Risky behaviour linked to puberty
A new study on brain and behaviour hints that the network responsible for impulse control doesn't reach maturity until adulthood.health and fitness Updated: Apr 24, 2007 14:17 IST
Taking risks may be an integral part of being a teenager, an expert on child development says. While the part of the brain that seeks social and emotional rewards kicks into overdrive during adolescence, Dr Laurence Steinberg of Temple University in Philadelphia explains in a new analysis of research on brain and behaviour, the network responsible for impulse control doesn't reach maturity until adulthood.
This means efforts to educate kids about the consequences of their risky behaviour -- from driver's education to abstinence-only sexed - are unlikely to be effective, says Steinberg.
The best approach to helping teens stay safe probably involves controlling opportunities for them to get in trouble by enforcing laws restricting the sale of alcohol to minors, expanding access to mental health care and birth control, raising the driving age and good old fashioned parenting, he reports in the latest issue of Current Directions in Psychological Science.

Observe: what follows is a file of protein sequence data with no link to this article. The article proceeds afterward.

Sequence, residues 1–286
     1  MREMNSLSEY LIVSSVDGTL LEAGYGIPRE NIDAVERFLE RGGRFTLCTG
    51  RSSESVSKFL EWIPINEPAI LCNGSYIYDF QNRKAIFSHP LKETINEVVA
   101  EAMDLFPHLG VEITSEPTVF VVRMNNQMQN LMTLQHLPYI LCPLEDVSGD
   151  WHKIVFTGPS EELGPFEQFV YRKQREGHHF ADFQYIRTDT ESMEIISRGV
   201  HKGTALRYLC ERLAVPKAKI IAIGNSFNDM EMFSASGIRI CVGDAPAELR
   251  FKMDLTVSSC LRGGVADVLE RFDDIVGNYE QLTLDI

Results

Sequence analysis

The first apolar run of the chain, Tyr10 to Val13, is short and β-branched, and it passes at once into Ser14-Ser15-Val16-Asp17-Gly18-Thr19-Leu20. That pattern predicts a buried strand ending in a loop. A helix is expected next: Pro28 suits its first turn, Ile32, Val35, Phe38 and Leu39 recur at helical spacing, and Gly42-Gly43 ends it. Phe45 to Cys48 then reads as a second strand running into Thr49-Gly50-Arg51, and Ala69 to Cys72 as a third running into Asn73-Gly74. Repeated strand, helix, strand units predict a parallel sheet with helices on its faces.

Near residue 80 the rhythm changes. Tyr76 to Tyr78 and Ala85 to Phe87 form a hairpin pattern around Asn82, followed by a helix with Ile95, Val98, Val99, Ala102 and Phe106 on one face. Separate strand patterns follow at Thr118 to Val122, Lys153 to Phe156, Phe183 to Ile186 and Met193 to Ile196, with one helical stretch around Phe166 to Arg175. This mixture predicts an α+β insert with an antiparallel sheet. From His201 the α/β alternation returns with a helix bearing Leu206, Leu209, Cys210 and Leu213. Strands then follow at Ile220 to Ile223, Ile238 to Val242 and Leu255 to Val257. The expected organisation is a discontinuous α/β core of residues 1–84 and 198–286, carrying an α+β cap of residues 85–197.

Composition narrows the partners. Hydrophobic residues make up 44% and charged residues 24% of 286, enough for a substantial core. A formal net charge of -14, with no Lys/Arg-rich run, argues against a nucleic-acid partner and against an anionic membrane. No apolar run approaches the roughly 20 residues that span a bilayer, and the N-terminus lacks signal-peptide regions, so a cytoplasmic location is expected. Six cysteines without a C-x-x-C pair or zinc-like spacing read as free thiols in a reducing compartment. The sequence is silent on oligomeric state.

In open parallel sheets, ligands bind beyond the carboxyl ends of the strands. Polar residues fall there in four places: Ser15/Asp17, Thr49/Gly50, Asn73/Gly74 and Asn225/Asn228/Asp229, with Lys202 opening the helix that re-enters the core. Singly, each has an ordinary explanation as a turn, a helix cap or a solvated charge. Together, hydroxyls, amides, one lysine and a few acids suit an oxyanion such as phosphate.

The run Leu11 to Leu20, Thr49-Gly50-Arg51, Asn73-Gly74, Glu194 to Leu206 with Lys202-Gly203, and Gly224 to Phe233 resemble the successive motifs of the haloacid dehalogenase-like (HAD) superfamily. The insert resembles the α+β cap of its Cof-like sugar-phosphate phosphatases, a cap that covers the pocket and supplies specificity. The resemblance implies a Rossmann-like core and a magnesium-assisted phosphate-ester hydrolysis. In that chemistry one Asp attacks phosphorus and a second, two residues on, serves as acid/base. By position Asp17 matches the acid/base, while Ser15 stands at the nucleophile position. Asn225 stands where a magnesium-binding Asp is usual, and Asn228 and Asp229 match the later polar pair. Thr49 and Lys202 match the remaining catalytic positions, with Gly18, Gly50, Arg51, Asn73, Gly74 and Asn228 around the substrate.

"Kids during adolescence still need a lot of parental control and monitoring," Steinberg continued. The teen years, he adds, are not the time for parents to "check out."
Ignorance or a sense of invulnerability doesn't explain why teens take risks, he notes, because studies have shown that they are just as good as adults in understanding risks and their vulnerability to them.
But during puberty, Steinberg adds, a system he calls the "socioemotional network" that pushes kids to seek novelty and take risks becomes activated, especially in the company of peers. While the biological reasons behind this shift are not clear, major changes in the dopamine system are known to occur in adolescence.
In evolutionary terms, these changes likely encouraged newly sexually mature humans to have sex, thus helping to perpetuate the species, he adds.
"There's a reason why you do want people to be kind of oriented toward reward and novelty during adolescence. You just don't want them to satisfy those urges in unhealthy ways."
Meanwhile, the cognitive control system responsible for regulating emotions, controlling impulses, delaying gratification and withstanding peer pressure doesn't fully mature until young people reach their 20s, Steinberg adds. "Because kids may not be capable of regulating themselves, they need the help and support of adults to do some of this," he explains.
Trying to make teens "wiser, less impulsive, or less shortsighted" is unlikely to stop them from taking risks. "Some things just take time to develop, and, like it or not, mature judgment is probably one of them".